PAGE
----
Women's History Month: How It Started and How to Celebrate

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Women's History Month
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It's Women's History Month 2021. The month-long celebration is a chance to acknowledge women’s contributions to history, culture and society and has been observed annually in the month of March in the United States since 1987. From Abigail Adams to Susan B. Anthony, Sojourner Truth to Rosa Parks, women have been at the forefront of history-making moments in the United States.

The National Women’s History Alliance selects and publishes a yearly theme for Women's History Month and 2021's is all about capturing the spirit of the challenging times we're living through. Because of COVID-19, many of the women's suffrage centennial celebrations originally planned for 2020 were restricted, so the National Women's Alliance is extending the annual theme for 2021 to "Valiant Women of the Vote: Refusing to Be Silenced."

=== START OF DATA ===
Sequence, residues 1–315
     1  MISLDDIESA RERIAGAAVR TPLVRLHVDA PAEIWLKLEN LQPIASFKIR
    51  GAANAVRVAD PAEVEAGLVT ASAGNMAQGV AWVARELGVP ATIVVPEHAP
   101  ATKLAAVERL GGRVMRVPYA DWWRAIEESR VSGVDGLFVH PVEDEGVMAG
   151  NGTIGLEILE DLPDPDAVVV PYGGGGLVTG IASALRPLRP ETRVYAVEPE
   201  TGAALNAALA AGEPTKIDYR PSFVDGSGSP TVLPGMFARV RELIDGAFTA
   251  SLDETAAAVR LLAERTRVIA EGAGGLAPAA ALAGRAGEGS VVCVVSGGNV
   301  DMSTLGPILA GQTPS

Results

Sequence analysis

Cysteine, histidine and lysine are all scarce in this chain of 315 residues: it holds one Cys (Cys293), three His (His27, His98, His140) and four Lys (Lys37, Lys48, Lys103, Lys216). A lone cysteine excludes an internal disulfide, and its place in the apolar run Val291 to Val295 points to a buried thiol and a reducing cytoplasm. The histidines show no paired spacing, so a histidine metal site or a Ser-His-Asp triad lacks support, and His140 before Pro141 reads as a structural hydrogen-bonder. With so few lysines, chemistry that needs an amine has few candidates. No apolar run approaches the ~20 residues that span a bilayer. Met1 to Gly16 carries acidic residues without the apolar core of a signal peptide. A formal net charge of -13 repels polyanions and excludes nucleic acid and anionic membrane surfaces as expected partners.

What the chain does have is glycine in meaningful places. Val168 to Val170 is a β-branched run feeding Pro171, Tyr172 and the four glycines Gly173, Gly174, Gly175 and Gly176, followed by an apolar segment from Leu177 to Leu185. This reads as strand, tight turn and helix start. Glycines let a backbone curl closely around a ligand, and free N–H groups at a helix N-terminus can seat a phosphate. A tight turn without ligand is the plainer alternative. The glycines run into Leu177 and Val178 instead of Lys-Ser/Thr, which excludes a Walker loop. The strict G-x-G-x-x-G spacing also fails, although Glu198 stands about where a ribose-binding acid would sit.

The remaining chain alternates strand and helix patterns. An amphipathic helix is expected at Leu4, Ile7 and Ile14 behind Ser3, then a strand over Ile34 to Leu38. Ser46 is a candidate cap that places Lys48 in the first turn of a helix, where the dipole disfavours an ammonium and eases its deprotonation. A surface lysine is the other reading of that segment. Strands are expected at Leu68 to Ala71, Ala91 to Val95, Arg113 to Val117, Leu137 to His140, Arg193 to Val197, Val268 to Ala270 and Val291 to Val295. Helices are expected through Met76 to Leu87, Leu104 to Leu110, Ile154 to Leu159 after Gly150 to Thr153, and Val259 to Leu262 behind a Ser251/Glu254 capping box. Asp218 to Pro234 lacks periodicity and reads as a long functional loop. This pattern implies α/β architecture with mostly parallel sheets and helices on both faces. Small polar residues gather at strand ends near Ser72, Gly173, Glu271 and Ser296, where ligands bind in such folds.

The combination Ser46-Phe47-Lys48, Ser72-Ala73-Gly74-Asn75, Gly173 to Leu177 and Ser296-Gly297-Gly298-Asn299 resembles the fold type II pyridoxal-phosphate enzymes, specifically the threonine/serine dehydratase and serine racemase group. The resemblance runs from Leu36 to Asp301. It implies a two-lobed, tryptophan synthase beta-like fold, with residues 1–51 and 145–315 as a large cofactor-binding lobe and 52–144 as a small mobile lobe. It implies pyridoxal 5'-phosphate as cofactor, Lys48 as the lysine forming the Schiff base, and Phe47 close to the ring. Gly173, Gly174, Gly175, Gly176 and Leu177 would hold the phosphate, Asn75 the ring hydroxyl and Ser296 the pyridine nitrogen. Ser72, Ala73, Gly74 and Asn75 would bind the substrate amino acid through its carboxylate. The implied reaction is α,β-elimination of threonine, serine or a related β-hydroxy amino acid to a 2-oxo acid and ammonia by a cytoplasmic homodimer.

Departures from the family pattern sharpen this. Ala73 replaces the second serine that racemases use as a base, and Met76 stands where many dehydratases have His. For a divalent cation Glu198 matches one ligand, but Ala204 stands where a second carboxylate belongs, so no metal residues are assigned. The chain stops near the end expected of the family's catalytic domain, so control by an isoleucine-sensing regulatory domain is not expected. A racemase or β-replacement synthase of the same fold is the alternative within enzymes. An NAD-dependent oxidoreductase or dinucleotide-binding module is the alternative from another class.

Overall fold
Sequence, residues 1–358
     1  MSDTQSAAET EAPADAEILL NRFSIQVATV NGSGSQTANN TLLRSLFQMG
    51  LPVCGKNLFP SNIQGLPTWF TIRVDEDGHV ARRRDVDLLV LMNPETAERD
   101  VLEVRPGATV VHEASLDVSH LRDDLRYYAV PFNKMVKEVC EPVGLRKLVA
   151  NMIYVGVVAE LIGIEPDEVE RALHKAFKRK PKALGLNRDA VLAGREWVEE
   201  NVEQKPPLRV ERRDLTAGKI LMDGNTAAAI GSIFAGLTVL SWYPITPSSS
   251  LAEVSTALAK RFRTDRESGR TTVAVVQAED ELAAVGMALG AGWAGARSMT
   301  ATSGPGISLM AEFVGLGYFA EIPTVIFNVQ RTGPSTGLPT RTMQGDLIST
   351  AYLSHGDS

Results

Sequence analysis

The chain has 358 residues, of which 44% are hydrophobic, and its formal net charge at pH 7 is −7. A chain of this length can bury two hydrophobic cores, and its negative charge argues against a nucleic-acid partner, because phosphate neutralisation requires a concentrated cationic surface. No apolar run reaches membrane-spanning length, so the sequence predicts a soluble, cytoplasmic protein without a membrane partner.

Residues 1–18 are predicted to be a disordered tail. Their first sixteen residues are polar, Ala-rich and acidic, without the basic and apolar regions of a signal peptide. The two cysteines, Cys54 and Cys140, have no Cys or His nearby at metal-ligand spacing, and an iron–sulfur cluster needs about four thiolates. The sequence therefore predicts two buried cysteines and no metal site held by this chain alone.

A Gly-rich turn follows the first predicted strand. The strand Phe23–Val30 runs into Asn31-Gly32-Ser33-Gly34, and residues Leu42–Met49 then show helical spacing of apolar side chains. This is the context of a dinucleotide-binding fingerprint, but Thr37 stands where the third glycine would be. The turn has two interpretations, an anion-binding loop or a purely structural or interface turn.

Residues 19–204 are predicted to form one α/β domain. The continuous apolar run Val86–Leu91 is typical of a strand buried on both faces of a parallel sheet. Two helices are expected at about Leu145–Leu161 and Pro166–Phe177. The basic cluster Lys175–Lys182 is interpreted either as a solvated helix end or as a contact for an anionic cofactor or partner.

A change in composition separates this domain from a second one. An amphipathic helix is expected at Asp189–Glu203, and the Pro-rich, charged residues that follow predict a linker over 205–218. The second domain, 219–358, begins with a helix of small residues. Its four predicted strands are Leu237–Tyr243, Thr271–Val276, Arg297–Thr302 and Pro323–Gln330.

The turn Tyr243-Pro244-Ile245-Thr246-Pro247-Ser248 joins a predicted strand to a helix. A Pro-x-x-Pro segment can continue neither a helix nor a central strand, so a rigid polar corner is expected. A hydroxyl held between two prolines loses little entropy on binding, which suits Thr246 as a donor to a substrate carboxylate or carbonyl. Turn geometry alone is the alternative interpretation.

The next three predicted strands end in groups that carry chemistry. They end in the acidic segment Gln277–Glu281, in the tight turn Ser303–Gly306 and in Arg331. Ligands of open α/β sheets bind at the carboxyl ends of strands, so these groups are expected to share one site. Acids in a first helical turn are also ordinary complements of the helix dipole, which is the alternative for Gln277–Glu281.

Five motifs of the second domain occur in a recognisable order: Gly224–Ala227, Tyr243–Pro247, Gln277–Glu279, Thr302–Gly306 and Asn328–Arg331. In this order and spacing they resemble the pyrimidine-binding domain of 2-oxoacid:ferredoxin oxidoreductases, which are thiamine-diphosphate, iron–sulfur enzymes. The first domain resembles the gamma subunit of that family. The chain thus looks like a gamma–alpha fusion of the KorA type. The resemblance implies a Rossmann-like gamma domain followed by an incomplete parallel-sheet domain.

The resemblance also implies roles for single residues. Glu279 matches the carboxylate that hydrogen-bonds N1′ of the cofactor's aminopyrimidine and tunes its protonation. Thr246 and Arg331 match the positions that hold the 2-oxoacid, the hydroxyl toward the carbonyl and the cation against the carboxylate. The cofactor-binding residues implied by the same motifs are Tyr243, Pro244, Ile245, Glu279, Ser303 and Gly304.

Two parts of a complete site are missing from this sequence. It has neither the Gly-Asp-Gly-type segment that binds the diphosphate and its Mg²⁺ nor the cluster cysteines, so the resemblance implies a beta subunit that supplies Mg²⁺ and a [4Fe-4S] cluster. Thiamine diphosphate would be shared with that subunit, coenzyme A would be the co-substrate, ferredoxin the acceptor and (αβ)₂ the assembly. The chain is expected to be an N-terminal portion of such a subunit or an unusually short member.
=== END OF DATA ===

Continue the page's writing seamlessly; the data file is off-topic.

How It Started

Women’s History Month started as a local celebration in Santa Rosa, California. The Education Task Force of the Sonoma County Commission on the Status of Women planned and executed a “Women’s History Week” celebration in 1978. Presentations were given at local schools where hundreds of students participated in a “Real Woman” essay contest. A parade was also held in downtown Santa Rosa to celebrate.

International Women's Day March In Boston
Don Preston/The Boston Globe via Getty Images

International Women's Day